Unlike the pouch-bearing Peramelidae, the Asian species are rodents of the family Muridae. There are five species in all – two from the genus Nesokia (Nesokia bunnii and Nesokia indica), and three from Bandicota (Bandicota bengalensis, Bandicota indica, and Bandicota savilei). It is members of the latter that are known as pandi-kokkus or pig-rats in Telugu country. They are exceedingly ugly-looking creatures, enormous in size for murids, with shaggy coats, thick, naked tails and rounded snouts. Preferring farmland (especially that devoted to cultivating rice), they are notorious pests, gobbling up enormous quantities of grain, vegetables and fruit. Bandicoots can inflict considerable damage on man-made structures with their ability to burrow through earth, brick, and even concrete. Like their marsupial counterparts, they multiply rapidly. Unlike them, they seem to be flourishing, expanding their range with the spread of farming. Nesokia are found in North Africa, and West, Central and South Asia while Bandicota inhabit South, Southeast and East Asia.
The bandicoots I have seen are of the species Bandicota indica, the Greater Bandicoot Rat, a true monster of the rat world. Weighing up to a kilogram, with a head-and-body length of around 33 cm (to which can be added a tail of equal length), it can put the fear of God among unsuspecting humans (who normally encounter rats and mice of much smaller dimensions). The dark, shaggy fur and large, splayed feet only add to the terror. I saw them for the first time in Nellore (a small city in the South Indian state of Andhra Pradesh, from where my family hails, and which I would visit during the summer holidays), scurrying around in the dark, between enormous bolt holes and stinking garbage heaps. Even more common were squashed-up specimens, road-kill left behind by vehicles too swift for the ungainly critter. It goes without saying that they were secretive and silent. But books speak of Greater and Lesser Bandicoot Rats making pig-like, squealing sounds when fighting (from which stems their name); hardly the kind of impression one has in mind while remembering those cute Australian marsupials.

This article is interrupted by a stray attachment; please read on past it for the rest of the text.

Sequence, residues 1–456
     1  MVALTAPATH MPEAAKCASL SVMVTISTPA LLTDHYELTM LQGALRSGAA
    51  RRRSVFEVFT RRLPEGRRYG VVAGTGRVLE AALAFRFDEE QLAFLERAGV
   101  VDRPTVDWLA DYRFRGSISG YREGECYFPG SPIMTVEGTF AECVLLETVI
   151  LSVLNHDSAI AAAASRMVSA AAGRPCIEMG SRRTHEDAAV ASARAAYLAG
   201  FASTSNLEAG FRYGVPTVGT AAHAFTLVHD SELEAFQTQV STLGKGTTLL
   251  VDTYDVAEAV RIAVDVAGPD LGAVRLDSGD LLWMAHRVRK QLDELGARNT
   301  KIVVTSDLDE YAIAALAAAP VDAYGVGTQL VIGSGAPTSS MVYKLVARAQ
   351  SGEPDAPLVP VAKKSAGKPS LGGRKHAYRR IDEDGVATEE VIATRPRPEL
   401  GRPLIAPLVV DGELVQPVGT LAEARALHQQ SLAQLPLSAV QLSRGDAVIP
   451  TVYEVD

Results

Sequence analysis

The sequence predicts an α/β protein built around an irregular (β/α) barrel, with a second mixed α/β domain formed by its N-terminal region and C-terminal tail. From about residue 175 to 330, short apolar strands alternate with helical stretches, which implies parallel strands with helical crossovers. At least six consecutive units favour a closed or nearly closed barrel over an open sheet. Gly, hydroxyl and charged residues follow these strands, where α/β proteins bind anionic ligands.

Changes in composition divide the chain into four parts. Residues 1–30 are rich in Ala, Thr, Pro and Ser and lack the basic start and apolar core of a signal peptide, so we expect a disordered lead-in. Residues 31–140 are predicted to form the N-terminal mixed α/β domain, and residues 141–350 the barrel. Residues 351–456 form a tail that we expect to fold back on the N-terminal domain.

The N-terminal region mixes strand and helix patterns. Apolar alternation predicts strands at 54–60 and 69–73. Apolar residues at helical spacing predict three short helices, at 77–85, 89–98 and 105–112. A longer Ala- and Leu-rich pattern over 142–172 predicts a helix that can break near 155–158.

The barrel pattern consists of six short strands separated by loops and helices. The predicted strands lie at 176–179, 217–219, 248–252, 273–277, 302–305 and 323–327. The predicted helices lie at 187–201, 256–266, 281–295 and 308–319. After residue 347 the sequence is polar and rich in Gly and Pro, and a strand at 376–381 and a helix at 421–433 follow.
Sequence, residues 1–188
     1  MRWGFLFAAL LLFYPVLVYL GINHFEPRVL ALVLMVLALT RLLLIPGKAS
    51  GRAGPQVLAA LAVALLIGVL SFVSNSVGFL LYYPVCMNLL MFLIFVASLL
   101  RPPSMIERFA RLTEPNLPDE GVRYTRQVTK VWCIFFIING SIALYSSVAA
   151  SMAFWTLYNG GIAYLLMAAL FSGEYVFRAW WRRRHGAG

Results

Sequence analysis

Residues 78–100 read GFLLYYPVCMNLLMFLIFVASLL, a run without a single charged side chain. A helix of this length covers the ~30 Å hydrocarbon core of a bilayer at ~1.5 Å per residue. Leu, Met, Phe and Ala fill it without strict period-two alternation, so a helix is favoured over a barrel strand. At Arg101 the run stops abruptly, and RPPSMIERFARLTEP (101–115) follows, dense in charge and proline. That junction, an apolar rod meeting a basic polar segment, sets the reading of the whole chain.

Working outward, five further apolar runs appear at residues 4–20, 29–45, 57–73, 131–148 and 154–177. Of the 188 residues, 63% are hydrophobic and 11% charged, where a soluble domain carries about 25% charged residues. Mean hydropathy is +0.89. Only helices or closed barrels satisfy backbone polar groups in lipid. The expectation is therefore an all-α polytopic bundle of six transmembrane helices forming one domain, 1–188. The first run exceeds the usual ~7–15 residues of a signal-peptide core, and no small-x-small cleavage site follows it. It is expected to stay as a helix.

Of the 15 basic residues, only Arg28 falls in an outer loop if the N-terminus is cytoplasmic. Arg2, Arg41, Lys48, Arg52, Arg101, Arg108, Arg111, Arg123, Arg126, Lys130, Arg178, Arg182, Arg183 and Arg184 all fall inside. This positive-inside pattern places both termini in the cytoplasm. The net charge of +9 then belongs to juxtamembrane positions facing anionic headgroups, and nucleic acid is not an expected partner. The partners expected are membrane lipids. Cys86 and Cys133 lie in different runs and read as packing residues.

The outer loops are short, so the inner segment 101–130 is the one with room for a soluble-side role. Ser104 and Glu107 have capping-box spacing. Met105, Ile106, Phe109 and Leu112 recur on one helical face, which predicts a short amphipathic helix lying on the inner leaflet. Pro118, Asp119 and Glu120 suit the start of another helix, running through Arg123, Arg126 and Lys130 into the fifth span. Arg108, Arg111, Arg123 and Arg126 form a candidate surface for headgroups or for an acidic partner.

Image Attribution: The image above is sourced from Wikimedia Commons and shows a portrait of the Lesser Bandicoot Rat (Bandicota bengalensis). Taken from Illustrations of Indian Zoology 2, it was part of the great collection of paintings compiled by Major General Thomas Hardwicke, a soldier in the British East India Company. Hardwicke was stationed in India from 1777 to 1823, a long interval of time during which he not only saw action in multiple wars but also indulged in his passion for natural history, collecting numerous specimens, having them painted by Indian artists and finally turned into a publication, the Illustrations of Indian Zoology (brought out between 1830-1835, in collaboration with the British zoologist, John Edward Grey). His was one of the largest collections of Indian natural history to be ever assembled (around 4500 illustrations). Hardwicke also had the honour of several species being named after him (more about that, as well as his soldiering career later).